As we've mentioned throughout this course, there are many times we might find ourselves using SQL or a SQL-like query language on a database. We can think of some uses as "read-only operations" and other uses as "read/write operations".
An example of a "read-only operation" is a data analysis on a data dump from some app or research study. For example, if I was a data scientist working for a daily diary, I might query what percentage of users eat ice cream on the same day that they run, to understand if exercise makes people want to reward themselves:
SELECT * FROM diary_logs WHERE
       food LIKE "%ice cream%" AND activity LIKE "%running%";
If I'm doing a data analysis like that, then pretty much everything I'm doing is a SELECT - it's all read only. We're not creating any new data, we are just querying existing data. We need to get very good at SELECT queries, but we don't need to know how to create tables, update rows, and all of that.
An example of "read/write operations" is a software engineer creating the backend for a webapp. For example, if I was the software engineer working on the health tracker, I might write code that knows how to insert a new daily log in the database every time a user submits a form:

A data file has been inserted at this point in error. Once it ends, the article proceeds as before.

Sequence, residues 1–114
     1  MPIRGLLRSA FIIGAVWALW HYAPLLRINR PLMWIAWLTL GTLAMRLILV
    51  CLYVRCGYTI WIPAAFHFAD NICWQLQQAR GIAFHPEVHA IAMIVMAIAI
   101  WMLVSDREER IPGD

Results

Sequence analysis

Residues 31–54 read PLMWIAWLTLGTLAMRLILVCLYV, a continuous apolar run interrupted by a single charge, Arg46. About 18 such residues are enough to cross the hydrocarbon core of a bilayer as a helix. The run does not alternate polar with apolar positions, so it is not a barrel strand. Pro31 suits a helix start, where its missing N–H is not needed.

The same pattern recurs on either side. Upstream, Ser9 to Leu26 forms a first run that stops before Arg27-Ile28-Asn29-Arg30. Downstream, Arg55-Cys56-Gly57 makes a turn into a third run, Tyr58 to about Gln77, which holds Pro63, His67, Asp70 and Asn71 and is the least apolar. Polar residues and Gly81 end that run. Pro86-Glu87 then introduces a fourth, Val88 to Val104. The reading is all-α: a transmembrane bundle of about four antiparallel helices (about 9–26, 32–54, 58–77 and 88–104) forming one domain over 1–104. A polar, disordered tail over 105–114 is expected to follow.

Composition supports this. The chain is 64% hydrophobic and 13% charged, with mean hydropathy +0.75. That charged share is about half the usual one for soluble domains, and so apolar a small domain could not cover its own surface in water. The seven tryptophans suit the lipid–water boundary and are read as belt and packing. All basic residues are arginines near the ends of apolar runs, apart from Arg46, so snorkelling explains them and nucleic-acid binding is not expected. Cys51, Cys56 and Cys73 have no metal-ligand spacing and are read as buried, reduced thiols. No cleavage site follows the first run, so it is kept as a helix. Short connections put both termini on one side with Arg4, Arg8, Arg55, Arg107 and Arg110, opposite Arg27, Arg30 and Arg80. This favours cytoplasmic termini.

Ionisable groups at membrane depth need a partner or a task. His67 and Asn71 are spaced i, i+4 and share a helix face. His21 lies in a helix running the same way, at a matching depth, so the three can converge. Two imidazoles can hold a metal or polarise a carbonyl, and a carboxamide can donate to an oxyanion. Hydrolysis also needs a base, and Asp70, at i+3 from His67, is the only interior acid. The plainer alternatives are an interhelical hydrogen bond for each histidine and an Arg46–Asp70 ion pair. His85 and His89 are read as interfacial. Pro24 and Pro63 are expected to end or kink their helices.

INSERT INTO diary_logs (id, food, activity)
            VALUES (123, "ice cream", "running");
I would probably be issuing that SQL command from inside a server-side language, likely using a library to make it easier to construct the commands. This is what that insertion would look like if I was using Python with the SQLAlchemy library:
diary_logs.insert().values(id=123, food="ice cream", activity='running')
I would also need to write SQL to modify the database if the user edited their daily log, deleted it, or even deleted their account. If the team decided to add more features to the user's daily log, like an emotion column to track how happy while they were eating ice cream and running (my hypothesis: very happy), I would need to write SQL to modify the table schema itself.
Those are all "write operations", and they are necessary if we're going to use a database to store and update data for an app. INSERT is relatively safe, because all it does is add data, but operations like UPDATE, DELETE, DROP, or ALTER can be much more dangerous, because they are updating existing data. That's why it's important to really understand those well, and use them carefully. Keep going to learn how to use them!